Published: Sat, March 18, 2017
Culture | By Antonia Gonzales

Trump's budget plan cuts funding for arts, humanities and public media

Trump's budget plan cuts funding for arts, humanities and public media

Trump is the first president to propose scrapping funding to the arts, the National Endowment for the Arts and the National Endowment for the Humanities (other items on the chopping list) having always been fought for by both Democrats and Republicans.

Trump's proposed budget, released early Thursday, zeroes out funding for the National Endowment for the Arts and the National Endowment for the Humanities.

Though the budgets of the four agencies are negligible in the larger scheme of federal government spending - $148 million each for NEA and NEH, $445 million for CPB, and $230 million for IMLS - the federal dollars are often used to leverage state, local, and private funding.

Trump's budget proposal does not just slash funding for the endowments, which combined have an annual budget of about $300 million, but is the first of any Presidents' to propose completely eliminating them.

In total, the cuts would remove $971 from the national budget, to increase spending on other agencies such as the National Institutes of Health, Environmental Protection, Department of Defense and Homeland Security.

The endowments were created when legislation was signed by President Lyndon B. Johnson in 1965 and this is the first time a president has proposed getting rid of them.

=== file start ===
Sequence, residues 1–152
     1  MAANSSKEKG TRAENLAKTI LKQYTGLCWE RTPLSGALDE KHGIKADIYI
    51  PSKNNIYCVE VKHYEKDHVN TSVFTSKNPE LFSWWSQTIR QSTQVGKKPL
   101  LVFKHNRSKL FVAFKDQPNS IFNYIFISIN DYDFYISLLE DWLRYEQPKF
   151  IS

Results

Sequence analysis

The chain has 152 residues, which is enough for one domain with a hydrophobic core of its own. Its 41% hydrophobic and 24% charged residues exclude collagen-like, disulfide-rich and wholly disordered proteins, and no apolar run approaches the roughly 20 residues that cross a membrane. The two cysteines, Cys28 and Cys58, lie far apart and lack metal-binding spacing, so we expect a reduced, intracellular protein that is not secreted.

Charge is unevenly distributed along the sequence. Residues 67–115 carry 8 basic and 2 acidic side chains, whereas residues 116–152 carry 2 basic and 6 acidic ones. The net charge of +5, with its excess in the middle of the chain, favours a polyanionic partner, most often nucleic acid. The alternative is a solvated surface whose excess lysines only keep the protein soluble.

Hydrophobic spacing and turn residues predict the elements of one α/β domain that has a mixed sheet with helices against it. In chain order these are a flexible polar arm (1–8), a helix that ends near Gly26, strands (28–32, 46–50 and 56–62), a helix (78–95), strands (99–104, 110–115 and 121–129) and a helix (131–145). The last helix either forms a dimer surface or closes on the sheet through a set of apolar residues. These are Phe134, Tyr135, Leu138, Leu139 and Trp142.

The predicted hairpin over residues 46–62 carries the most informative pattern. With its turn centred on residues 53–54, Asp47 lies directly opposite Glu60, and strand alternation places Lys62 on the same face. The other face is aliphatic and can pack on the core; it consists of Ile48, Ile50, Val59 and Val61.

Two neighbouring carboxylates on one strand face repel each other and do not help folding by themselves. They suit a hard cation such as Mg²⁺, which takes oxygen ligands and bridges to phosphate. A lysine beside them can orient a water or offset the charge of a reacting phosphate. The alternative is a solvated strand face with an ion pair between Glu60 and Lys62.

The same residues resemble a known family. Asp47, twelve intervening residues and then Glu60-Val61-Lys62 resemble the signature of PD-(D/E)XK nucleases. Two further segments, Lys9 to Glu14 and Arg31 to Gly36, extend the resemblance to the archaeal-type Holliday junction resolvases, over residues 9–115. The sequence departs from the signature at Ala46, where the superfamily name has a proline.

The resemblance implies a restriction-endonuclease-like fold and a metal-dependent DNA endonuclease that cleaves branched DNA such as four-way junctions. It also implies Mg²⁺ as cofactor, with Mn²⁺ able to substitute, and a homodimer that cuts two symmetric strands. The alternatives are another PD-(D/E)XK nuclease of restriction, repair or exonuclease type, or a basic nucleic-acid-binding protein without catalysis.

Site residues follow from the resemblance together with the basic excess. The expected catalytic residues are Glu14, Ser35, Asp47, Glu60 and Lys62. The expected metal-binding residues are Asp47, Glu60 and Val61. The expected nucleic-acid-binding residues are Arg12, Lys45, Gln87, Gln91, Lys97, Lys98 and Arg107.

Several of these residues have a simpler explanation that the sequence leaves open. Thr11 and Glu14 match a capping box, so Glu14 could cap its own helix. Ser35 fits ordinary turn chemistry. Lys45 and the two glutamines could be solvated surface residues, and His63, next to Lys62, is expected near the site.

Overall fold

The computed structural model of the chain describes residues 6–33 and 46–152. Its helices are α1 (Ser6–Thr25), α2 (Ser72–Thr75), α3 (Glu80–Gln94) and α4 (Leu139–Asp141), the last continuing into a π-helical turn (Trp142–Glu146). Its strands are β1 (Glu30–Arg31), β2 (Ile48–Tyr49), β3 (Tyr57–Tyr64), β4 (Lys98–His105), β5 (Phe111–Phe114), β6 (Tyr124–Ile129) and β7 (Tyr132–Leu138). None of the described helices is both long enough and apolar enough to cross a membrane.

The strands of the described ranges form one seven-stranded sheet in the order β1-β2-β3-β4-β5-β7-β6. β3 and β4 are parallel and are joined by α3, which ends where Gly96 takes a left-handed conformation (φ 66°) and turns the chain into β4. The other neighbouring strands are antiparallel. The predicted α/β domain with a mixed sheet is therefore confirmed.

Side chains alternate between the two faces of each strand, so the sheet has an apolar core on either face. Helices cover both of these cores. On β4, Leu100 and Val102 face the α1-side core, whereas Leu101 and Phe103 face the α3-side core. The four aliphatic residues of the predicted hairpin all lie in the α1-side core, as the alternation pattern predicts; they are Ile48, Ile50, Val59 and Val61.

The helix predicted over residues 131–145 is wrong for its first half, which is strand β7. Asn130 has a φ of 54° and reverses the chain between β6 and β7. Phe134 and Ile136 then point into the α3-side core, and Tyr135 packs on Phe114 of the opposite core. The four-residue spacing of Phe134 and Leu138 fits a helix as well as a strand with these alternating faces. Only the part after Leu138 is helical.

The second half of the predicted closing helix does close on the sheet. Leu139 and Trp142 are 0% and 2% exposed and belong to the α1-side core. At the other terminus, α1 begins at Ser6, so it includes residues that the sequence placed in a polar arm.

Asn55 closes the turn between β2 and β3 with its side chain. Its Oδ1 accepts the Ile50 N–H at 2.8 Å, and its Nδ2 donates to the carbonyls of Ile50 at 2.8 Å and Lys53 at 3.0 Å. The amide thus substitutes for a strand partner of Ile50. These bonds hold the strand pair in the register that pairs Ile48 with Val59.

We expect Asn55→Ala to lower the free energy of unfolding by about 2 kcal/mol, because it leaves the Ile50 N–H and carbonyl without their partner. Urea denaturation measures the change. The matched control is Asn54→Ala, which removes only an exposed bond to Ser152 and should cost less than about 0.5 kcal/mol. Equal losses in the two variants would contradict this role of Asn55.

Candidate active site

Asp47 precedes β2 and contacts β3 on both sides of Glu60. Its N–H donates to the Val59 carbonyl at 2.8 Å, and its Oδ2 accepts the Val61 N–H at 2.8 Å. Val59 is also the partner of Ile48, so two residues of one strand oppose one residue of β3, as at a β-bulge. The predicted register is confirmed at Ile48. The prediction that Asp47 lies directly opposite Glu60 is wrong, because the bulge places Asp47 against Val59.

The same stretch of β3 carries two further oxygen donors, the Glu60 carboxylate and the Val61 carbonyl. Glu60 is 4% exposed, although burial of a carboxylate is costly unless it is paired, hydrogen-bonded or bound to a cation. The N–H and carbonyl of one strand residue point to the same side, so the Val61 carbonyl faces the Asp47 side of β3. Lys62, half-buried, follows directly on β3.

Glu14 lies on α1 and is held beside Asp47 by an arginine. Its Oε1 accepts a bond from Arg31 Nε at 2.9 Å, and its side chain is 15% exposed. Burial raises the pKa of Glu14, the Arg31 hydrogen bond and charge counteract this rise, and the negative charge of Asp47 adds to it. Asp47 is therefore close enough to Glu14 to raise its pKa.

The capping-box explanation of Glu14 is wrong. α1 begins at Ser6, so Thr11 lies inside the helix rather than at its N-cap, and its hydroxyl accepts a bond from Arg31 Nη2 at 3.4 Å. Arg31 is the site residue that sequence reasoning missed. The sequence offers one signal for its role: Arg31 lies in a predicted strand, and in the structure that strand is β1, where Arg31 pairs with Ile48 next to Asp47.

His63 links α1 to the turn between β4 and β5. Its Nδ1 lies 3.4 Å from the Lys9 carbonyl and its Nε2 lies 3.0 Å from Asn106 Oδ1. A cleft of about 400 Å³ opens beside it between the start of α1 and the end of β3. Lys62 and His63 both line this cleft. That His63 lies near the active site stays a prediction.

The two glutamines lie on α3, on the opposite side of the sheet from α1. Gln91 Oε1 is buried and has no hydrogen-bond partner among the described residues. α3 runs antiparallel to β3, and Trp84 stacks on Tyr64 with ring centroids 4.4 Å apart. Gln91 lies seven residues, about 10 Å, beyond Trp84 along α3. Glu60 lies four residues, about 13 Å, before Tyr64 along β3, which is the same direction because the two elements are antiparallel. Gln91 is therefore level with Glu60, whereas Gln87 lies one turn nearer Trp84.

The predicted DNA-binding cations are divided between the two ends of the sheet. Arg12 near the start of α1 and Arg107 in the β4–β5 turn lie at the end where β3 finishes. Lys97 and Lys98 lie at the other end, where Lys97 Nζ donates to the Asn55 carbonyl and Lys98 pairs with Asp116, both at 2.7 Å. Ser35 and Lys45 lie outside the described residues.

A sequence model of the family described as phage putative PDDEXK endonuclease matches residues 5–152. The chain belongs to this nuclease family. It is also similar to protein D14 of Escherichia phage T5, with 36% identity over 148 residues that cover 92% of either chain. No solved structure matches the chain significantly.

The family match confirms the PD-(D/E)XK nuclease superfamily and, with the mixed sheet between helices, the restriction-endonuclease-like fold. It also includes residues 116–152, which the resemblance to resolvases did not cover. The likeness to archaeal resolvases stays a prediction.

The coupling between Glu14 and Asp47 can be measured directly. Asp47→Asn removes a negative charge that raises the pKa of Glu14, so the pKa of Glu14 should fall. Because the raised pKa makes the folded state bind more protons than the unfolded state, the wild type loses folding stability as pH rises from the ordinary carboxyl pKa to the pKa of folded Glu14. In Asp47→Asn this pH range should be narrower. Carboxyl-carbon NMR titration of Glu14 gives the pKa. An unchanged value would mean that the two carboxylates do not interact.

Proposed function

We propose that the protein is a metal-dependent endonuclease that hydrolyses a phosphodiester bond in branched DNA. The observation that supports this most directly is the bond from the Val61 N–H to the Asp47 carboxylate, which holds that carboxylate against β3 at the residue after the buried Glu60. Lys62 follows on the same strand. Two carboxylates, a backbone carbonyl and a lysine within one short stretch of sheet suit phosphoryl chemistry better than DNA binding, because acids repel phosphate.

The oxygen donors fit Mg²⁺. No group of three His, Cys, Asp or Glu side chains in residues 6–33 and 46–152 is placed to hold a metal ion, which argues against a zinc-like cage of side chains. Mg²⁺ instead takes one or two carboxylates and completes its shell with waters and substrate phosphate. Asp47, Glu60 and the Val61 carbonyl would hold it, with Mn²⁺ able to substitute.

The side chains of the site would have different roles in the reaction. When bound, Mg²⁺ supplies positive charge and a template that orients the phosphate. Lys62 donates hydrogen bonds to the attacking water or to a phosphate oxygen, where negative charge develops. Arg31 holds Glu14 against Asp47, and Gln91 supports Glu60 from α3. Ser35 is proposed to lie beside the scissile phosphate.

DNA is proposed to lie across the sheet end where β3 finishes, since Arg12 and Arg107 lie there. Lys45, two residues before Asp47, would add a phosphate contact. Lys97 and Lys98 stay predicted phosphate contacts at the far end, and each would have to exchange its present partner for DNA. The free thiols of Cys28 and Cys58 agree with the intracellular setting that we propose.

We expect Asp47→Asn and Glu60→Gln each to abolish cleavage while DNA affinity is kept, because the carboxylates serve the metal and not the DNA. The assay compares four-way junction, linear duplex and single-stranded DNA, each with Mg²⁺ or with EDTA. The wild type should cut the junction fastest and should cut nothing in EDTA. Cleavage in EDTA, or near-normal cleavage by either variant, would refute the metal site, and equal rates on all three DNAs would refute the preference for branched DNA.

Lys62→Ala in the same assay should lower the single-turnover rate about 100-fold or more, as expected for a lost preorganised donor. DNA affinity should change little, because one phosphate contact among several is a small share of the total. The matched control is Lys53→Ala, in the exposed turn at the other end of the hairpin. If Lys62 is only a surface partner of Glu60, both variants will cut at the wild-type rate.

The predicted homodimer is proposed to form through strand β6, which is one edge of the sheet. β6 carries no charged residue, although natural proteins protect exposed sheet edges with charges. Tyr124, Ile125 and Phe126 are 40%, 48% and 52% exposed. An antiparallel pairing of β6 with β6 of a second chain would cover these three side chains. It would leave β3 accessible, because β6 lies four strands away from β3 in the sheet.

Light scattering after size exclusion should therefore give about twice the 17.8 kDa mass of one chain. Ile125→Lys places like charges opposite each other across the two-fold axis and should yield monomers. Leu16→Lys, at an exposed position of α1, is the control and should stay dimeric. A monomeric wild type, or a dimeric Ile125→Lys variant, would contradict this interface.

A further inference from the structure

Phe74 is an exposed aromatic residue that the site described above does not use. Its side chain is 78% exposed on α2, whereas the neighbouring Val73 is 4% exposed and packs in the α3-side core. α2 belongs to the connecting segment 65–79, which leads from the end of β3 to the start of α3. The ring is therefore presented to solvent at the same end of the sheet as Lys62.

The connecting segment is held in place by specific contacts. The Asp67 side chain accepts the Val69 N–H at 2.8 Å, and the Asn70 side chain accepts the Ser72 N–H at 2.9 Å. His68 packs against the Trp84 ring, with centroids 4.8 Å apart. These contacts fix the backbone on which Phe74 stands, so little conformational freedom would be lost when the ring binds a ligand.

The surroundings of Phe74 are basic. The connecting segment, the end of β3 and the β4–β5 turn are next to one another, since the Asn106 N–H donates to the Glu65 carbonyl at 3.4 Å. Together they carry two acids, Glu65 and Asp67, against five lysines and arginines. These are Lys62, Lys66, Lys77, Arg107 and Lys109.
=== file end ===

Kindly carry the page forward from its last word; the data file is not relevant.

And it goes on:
"To eliminate what amounts to a very small dollar amount in the overall federal budget has wide-reaching effects and is unconscionable", said Michael Stotts, managing director of Hartford Stage.

National Endowment for the Arts Chairman Jane Chu said in a statement on Thursday that they are disappointed in the proposal to eliminate the National Endowment for the Arts because they see its funding has positive impacts in communities in every congressional district in the United States.

"Ninety percent of our funding comes from the NEH".

George Tzougros, executive director of the Wisconsin Arts Board, noted Trump's budget "is only the beginning of the process".

"We're in the creative economy as we speak", he said.

Arts for LA, an advocacy organization dedicated to promoting arts and culture, hasn't received NEA funding for the last two years, Klatzker said. "There's not much of a replacement for that spark to additional contribution if the NEA grant is taken away". But the support goes beyond money, said Museum Director Kimerly Rohrshack. Jesse Helms, to cut funding to the NEA or to control what it funds. Quality of life. Helping kids in schools.

"At that time we were really unprepared to have this kind of debate", she said. More than $900,000 of that went directly to the Massachusetts Cultural Council, through a partnership grant, according to Greg Liakos, communications director for the council. Congress will have the final say about the fate of Trump's budget, and while some conservatives have long targeted arts and public media for cuts, lawmakers from both parties have supported the agencies in the past.

Arts leaders say that stipulation is a strong driver of fundraising, because federal funding, though relatively small, boosts the prestige of arts projects, and that prestige attracts more funding.

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